way project and assurance to agricul
ture of equality of opportunity with
all other industries.
Demand for reduction of freight
rates was voiced generally by the
farmers and a reduction in retail
prices also was suggested as a neces
sary step to start increased consump
tion of farm products.
Depression in agriculture, which
was declared by speakers from five
leading farm regions to be general in
the United States, is reflected In in
dustries intimately connected with
and dependent on a prosperous agri
culture, it was asserted by representa
tives of the milling, packing, fertilizer
and implement industries. Each of
the latter pledged full co-operation
with agriculture in any effort looking
to restoration of normal conditions.
Secretary Wallace outlined the pur
pose of the conference after President
Harding had delivered his address and
Representative Anderson of Minne
sota was made permanent chairman,
while 12 major committees were ap
pointed to study problems with the
view of submitting recommendations.
W. J. Bryan late in the afternoon
described the conference as one of
the most Important held in this coun
try in a long time. Agriculture, he
said, was In the worst condition In 30
years and he could not see how there
could be any general prosperity until
the condition of the farmer was im
Touching on other questions he de
clared that the present congress had
done more than previous ones "be
cause I think It's more scared than
Praising the agricultural bloc, he
said it was different from other blocs
because Its members had "acted open
ly and the others acted secretly."
New Pope Slated to Act.
Washington, D. C Some under
standing between the Catholic church
and the orthodox church of Russia
may be an act of the next pope. Bene
dict XV, entering into negotiations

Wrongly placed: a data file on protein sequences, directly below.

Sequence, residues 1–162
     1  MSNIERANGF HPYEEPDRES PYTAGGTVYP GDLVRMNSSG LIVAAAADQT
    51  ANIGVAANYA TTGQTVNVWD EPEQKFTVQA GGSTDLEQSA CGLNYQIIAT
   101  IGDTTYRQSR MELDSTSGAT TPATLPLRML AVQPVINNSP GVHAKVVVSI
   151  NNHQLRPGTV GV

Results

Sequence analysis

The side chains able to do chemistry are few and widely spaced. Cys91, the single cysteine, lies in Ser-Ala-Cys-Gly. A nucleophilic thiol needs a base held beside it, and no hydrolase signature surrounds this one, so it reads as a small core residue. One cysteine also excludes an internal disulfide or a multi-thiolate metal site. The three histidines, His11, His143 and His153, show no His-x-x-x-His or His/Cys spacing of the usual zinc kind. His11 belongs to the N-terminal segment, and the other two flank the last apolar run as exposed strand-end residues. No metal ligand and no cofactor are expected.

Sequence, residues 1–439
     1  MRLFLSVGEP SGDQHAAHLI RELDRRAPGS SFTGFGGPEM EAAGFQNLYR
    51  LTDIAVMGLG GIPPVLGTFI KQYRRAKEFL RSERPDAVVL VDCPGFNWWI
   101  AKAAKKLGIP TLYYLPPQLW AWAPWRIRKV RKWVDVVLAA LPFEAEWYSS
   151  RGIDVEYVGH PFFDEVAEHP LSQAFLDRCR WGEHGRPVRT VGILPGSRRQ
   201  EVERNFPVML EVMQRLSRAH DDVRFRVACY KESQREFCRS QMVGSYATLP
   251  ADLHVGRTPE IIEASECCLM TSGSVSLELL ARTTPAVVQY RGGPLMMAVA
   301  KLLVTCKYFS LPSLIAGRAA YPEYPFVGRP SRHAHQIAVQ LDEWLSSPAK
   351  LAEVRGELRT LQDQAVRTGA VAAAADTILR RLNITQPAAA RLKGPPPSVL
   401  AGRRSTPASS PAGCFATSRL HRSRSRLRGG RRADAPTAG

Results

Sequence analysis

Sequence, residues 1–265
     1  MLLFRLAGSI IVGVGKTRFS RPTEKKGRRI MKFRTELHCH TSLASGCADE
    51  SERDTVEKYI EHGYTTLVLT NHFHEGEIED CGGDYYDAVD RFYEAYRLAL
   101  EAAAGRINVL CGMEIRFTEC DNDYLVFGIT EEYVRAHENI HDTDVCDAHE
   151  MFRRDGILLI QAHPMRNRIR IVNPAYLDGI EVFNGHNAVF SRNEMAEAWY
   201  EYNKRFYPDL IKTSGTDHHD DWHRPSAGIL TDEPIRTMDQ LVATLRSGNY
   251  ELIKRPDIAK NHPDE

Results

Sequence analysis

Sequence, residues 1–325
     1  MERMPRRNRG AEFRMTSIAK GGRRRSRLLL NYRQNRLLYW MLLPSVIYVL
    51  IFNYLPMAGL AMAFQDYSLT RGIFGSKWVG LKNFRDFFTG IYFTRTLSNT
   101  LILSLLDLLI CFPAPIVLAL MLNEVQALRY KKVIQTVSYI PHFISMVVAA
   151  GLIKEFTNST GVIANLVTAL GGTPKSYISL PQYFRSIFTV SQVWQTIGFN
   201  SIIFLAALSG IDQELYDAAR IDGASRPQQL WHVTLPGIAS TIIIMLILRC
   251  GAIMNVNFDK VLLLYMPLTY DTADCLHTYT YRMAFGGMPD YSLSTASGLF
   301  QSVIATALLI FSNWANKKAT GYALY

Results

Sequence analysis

with Lenine, obtained the liberation
of the archbishop Monsignor Edward
de Ropp, who has been hejd a prison
er by the bolshevlkl. Once the Ice
was brokou, Benedict continued to
negotiate for the release of Russian
and Pulish ecclesiastics.
Pacific Cable Repaired.
San Francisco. The break in the
commercial Pacific cable near Midway
island has been repaired, according to
word received Monday by the foreign
trade department of the San Francisco
chamber of commerce, the work hav
ing been done by the cable company's
staff at Midway. The staff went out
six miles in smalt boats, raised the
cable by hand and put in a temporary
Grain Moving to Russia.
Washington, D. C Since the con
gressional appropriation of $20,000,000
for Russian famine relief was passed,
12 food cargoes consisting of 3,000,000
bushels of grain have been shipped
from this country, Secretary Hoover
said Monday. Ho added that 18 ves
sels are loading more than 3,000,000
bushels of grain.
Coins to Be Memorial.
Washington, D. C Authority for
the director of the mint to direct coin
age of the Grand Memorial gold dollar
and silver half, was granted In a bill
house. The measure provides for the
coinage of 10,000 gold dollars and 250,
000 silver half dollars.
Loaf of Bread 1 Cent.
Great Falls, Mont At a result of a
continuation of the price war between
local bakeries, bread was selling at
most retail ttoret here Monday for 1
cent a loaf. The loaves weigh 16
POPE LOSES L
BATTLE FOR LIFE
Death Takes Pontiff at Six
NO HOPE AT MIDNIGHT
Holy Father Remains Cheerful During
Illness Household at Bedside
Until End Comes.
Rome. Pope Benedict died at 6
o'clock Sunday morning.
The end had been expected for sev
eral hours. The attending physicians,
Cardinal Gasparrl and other members
of the pope's household were present
at the bedside.
Prom midnight all hope had been
abandoned and at 2 o'clock Dr. Bat
tistlni had announced that the pope
could not live longer than four hours
at the maximum.
At 3 o'clock Dr. Cherublni, Cardinal
Glorgi and the pope's nephew gath
ered around the bedside, the end
seemingly being near. The pope ap
peared to be in considerable distress.
His extremities then were becoming
After the publication of the bulletin
announcing that all hope had been
given up, Monsignor Nigone, Father
Basil and Dr. Battistlni also remained
by the bedside. After a time the doc
tor told his holiness that they were
praying for the peace of the world, to
which the pope replied:
"I would willingly offer my life for
the peace of the world."
He then turned on his side and lay
watching those near him.
At 2 A. M. the first definite symp
toms of approaching death were
At one lucid period the pope was
able to partake of nourishment; he
then instructed the major domo to
wake him in time for mass, to be cele
brated at 5:30 A. M. in his chapel,
adjoining the bedroom.
There had been moments Saturday
when it was feared the end had come,
but stimulants revived the pontiff,
and his natural powers of resistance
carried him through the turning point
temporarily. He seemed to cling to
life as did Pope Plus X in 1914 when
the final outsome was in doubt for
Saturday was a day of great un